05.03.20165 min read

Mirror, Mirror on the Wall, are Your Referral Metrics the Fairest of Them All?

Don’t let vanity referral metrics lead you astray.

Marketers put a substantial amount of time into referral initiatives and programs in an effort to grow revenue and achieve fantastic ROI. But it can be difficult to determine what referral metrics actually represent how our programs and strategies are performing. The problem is there are growing amounts of metrics that all are promoted as providing amazing insight into your initiatives, but without context the metrics you’re relying on and any wonderful insight you’re seeing can easily turn into a vanity metric.

But what is a vanity metric? A vanity metric is one that appears to demonstrate program growth but in reality doesn’t reflect the health of your initiative. Often, this happens when metrics are being looked at as standalone performance indicators instead of being connected to revenue producing action.

So how can you tell if you are relying on referral vanity metrics? By asking the right questions about your data and reports. This not only applies to referral programs, but marketing automation, CRMs, and much more.

How to avoid turning your referral metrics into vanity metrics

There’s no such thing as a stupid question. In fact, the more you question your referral metrics, or any metrics, the better off you’ll be. So where do you start?

One of the main causes of your metrics becoming a vanity metric is if you’re looking at them all individually instead of creating context by looking at how each metric relates to one another.

Follow this line of questioning to avoid having your referral metrics turn into vanity metrics and determine if your referral program is really paying off as well as you thought it was.

Questioning your referral email metrics

1. Your referral program promotional emails have a good open rate, but are you getting click-thrus?

While potential advocates (customers or partners) might be opening your emails, if nothing is motivating them to take the next step, it’s time to reevaluate your emails and pinpoint what is turning advocates off or what could be changed to motivate them to click-thru. However, by itself, click-thrus are not a constructive way to measure the success of a referral email.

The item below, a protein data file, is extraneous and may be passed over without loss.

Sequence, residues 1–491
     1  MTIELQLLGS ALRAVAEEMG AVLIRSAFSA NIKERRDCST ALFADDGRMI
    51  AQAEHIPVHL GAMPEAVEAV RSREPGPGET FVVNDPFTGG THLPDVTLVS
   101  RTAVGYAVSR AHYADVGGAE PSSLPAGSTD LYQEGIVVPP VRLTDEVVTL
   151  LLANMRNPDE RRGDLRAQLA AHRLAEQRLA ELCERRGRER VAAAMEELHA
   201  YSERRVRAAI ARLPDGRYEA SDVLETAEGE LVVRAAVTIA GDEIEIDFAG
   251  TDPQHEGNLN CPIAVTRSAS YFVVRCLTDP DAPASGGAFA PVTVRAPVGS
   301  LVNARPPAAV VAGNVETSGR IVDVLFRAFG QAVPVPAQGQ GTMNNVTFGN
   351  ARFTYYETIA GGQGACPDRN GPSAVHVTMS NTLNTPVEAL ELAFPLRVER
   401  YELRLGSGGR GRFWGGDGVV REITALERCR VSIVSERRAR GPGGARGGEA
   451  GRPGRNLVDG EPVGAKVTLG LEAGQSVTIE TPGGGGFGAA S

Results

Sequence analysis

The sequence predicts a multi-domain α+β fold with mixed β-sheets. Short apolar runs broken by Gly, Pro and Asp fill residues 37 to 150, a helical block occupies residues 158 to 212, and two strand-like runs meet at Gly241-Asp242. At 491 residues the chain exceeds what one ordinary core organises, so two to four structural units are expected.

2. If you’re getting click-thrus, are they translating into conversions?

Click-thrus are only as valuable as their next action. If click-throughs aren’t translating to conversions, then they don’t mean a thing.

3. What action do you want your potential advocates or current advocates to take?

One thing to consider is what you have defined as a conversion. If a conversion is something so insignificant that it won’t help get your program any closer to generating increased revenue, there is no point to it. In this current state, a conversion becomes a vanity metric.

However, if you define your conversion as registration into your referral program or current advocates making a referral from a promotional email they received, then you have conversions that are worth more because they are on track to producing revenue growth.

Questioning your advocate referral metrics

1. You have advocates, but are they making referral shares?

Let’s suppose a substantial number of advocates have registered for your referral program. What does that mean? While it is defiantly a good sign, it doesn’t mean your referral program is demonstrating growth. If your advocates aren’t making referral shares, they aren’t generating revenue growth for your program. Look into your rewards to see how you can better spark advocate referrals.

2. If they’re making referral shares, are they sharing it with the right people?

If advocates aren’t sharing referrals with the right people, they aren’t going to be accepted. Communicate to your advocates what demographic would lead to a successful referral. Tell them to keep a lookout for people who would benefit from your product or service, a person or business that has the resources to buy, the right person within a company that is or has the ear of decision makers, or all of the above.

3. If the referrals are largely accepted, are they closing?

The people your advocates are sharing referrals with might be accepting the referral, but no sales or not a large amount of sales are being closed from it. While a large number of accepted referrals might look good, if they aren’t closing, you’re not generating large revenue from your referral program. Try to determine what is making advocates decide not to buy (price, miscommunication, or features) in order to adjust your pitch and close more referrals.

When evaluating your referral metrics, or any program metrics, always ask whether this action contributes to your revenue growth. If the answer is that it doesn’t then you’ve encountered a vanity metric.

However, if you have tied your referral metrics to revenue growth but they aren’t showing that you are generating the revenue to meets your goals, your problems might be greater than vanity metrics. More likely the issue lies with your referral program itself.

This article was written by Jessica Edmondson from Business2Community and was legally licensed through the NewsCred publisher network.

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